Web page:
Support for a new National Park in the UK's 'Outdoor Capital' is split "with strong feelings on either side", according to the steering group that is taking the bid forward.

Mike Pescod, of the Lochaber National Park Working Group (LNPWG) said Highland Councillors had supported the nomination "with the condition of a statutory vote" and said it would be withdrawn if this was not agreed by Scottish Government.

Ministers have pledged to establish at least one new national park in Scotland by the end of this parliamentary term, with the commitment part of the Bute House Agreement between the SNP and Scottish Greens. Thursday is the deadline for bids.

On Saturday a protest was held in Fort William, organised by the campaign group Lochaber National Park - NO More.

Opposition groups have sprung up online with locals concerned about over-tourism, the increased restrictions that come with a new park authority and rising house prices. 

Angus MacDonald, Liberal Democrat councillor said the money needed to create the park should be spent building the delayed replacement of Fort William's Belford hospital.

The Herald: A protest took place in Fort William over plans to designate Lochaber a National Park

Mr Pescod said both the working group and opponents were united in one aspect; that local people have not been given enough information to make an informed choice.

He said: "The small turnout at Saturday’s protest further highlights how difficult it is to reach enough local residents in short time frames and with limited resources.

"It is also unclear how many Lochaber residents attended as it was a protest against existing and new National Parks across Scotland, with a large contingency attending from the Cairngorms area.

The Herald: Fort William: The whole of Lochaber could be designated a National Park Fort William: The whole of Lochaber could be designated a National Park (Image: Colin Mearns/Newsquest)

"Due to the limitations of the first phase of the consultation process as set out by the Scottish Government, which both the LNPWG and the No More group have acknowledged, the working group submitted the nomination for Lochaber this week on condition that Scottish ministers agree to a statutory vote on any final proposal.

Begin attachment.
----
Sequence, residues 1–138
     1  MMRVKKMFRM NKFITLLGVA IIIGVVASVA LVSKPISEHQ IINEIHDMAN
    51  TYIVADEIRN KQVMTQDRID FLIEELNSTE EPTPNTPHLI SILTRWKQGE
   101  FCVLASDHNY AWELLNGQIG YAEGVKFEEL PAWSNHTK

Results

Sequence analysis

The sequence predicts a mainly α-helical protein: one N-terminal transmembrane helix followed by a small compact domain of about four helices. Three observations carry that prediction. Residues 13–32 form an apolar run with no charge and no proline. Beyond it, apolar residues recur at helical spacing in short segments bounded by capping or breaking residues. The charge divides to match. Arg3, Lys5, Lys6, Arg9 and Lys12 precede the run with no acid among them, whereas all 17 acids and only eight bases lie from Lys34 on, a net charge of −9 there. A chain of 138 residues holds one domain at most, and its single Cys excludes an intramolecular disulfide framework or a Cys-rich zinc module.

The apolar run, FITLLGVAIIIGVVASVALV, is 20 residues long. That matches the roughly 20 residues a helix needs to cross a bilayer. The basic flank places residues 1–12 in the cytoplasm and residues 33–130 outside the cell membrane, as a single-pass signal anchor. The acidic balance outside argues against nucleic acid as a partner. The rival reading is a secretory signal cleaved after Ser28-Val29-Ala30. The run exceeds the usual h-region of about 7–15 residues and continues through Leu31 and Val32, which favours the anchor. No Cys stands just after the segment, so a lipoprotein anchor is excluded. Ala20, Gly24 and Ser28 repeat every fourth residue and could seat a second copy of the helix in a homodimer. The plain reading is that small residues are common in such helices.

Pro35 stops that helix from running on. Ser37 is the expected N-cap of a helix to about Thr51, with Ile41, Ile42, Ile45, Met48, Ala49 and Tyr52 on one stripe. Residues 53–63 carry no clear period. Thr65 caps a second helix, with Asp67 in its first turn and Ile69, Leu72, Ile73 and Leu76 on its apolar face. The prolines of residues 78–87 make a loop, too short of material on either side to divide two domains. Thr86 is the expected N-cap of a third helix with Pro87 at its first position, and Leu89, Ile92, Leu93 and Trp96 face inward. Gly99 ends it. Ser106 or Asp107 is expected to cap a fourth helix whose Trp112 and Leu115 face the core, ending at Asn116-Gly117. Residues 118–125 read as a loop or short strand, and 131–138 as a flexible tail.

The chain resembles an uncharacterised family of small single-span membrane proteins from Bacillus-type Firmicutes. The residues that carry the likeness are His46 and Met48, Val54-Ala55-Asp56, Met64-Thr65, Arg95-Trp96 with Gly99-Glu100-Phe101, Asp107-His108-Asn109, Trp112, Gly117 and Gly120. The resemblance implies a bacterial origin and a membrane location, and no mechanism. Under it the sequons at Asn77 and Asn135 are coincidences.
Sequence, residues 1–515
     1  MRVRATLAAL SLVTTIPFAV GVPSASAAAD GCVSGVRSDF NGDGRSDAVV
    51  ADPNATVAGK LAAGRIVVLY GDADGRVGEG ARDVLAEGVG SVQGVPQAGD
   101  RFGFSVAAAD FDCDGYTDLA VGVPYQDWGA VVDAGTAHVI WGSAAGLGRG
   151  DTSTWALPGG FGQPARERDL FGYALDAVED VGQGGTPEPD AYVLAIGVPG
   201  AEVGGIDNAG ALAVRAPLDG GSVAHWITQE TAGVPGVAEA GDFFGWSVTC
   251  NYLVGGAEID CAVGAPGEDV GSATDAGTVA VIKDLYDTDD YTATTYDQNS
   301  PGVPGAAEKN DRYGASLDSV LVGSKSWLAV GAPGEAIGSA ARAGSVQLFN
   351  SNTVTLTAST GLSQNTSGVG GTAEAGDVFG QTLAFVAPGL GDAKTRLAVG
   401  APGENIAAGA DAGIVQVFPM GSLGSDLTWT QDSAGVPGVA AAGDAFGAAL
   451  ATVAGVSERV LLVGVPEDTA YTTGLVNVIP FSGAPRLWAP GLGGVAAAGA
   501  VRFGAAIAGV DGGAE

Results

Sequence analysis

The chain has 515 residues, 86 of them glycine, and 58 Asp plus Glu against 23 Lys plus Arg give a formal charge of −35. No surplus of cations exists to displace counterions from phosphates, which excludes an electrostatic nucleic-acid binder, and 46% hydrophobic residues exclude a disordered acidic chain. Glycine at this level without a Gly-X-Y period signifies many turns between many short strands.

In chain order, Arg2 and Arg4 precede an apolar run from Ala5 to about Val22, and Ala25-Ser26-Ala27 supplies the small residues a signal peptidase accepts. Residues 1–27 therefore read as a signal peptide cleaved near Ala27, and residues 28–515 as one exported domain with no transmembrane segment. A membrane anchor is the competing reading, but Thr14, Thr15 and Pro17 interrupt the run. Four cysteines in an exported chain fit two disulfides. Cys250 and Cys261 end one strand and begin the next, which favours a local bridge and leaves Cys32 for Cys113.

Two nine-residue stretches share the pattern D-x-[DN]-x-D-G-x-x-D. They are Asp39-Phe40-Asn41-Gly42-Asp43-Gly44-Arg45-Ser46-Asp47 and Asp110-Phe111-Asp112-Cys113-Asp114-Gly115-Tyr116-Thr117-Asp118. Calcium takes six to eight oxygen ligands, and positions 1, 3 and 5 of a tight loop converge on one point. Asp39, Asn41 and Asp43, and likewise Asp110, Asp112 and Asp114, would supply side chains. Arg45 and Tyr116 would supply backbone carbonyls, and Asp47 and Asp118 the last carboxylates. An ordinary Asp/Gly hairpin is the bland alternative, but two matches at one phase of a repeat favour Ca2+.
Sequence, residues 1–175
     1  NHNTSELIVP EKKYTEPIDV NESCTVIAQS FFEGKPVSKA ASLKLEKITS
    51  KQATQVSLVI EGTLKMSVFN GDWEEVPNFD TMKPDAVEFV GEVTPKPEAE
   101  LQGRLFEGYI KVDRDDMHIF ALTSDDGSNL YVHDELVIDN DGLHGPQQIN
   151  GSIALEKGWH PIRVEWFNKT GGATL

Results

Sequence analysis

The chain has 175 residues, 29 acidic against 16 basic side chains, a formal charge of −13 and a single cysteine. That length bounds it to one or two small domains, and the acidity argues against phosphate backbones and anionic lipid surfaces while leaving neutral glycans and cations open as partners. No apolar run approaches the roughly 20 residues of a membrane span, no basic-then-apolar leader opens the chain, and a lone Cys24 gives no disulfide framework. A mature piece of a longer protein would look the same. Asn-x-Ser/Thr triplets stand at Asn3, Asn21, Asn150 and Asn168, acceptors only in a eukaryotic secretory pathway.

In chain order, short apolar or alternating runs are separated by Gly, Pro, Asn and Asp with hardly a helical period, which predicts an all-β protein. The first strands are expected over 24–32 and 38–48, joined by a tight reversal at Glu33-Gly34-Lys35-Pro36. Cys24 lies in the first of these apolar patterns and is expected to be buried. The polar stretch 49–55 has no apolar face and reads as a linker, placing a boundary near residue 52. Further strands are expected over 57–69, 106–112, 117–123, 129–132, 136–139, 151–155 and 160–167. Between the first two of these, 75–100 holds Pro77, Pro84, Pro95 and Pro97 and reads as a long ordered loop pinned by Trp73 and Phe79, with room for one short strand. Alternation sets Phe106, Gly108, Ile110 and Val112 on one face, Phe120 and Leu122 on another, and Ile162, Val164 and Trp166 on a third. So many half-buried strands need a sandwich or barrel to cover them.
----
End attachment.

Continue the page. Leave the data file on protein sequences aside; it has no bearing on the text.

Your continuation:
"If a vote is not agreed to, the nomination will be withdrawn.

"In Lochaber, there is a 50:50 split in opinion, with strong feelings on both sides.

"If short-listed, all Lochaber residents will have the opportunity to take part in extensive consultation in the next Government-funded phase of the consultation process, and to have their views heard in a statutory vote on the final plan following the consultation period."


'Outdoor capital says NO'  - Anger mounts over Highland National Park bid 

Poll: Should Scotland have a new National Park?

He added: "Everyone wants the best future for Lochaber and the whole population, but the best way to achieve this is unclear.

"With this way forward to consider National Park designation, we can all take part and decide collectively whether it is a good option for Lochaber."

The Herald:

Skye and Raasay, Affric and Loch Ness, and Wester Ross have joined Ben Wyvis and Glen Affric to withdraw from the process.

Ben Wyvis and Glen Affric said locals felt under-informed and rushed in their decision.

Areas understood to still be expressing interest to be given the status include Perth and Kinross, Dumfries and Galloway, the Scottish Borders, the Tay Forest, the Lammemuirs, Largo Bay and Loch Awe.

A spokeswoman for Lochaber National Park - No more said: “The initial protest on Saturday which was organised in just four days had upwards of 100 people.

“Imagine what we can do in 28 days if that's what we achieved in four.

“The nomination process has failed,  the majority are clearly not in support of a national park.

“Other areas are pulling out of the nominations rapidly as the process is an abject failure.”

Grant Moir, CEO of Cairngorms National Park Authority says the designation could help arrest depopulation in rural areas.

According to authority figures the population rose from 2001 – 2021 by 14% and is forecast to rise by a further 5% by 2043.

"This comes at a time when other rural areas of Scotland (and the wider UK) are suffering from depopulation." said Mr Moir.

He says house price growth in the Cairngorms National Park from 2003 – 2019 was below Highland, Aberdeenshire, Angus and Moray Councils and above Perth and Kinross.

After 2019,  prices grew faster than those areas but he attributes this to increases in people leaving cities after the pandemic.

He said the regulatory framework for land management "is the same inside the National Park as it is outside" and said the authority has leveraged in around £25 million of funding on top of core funding from Scottish Government since the park was set up.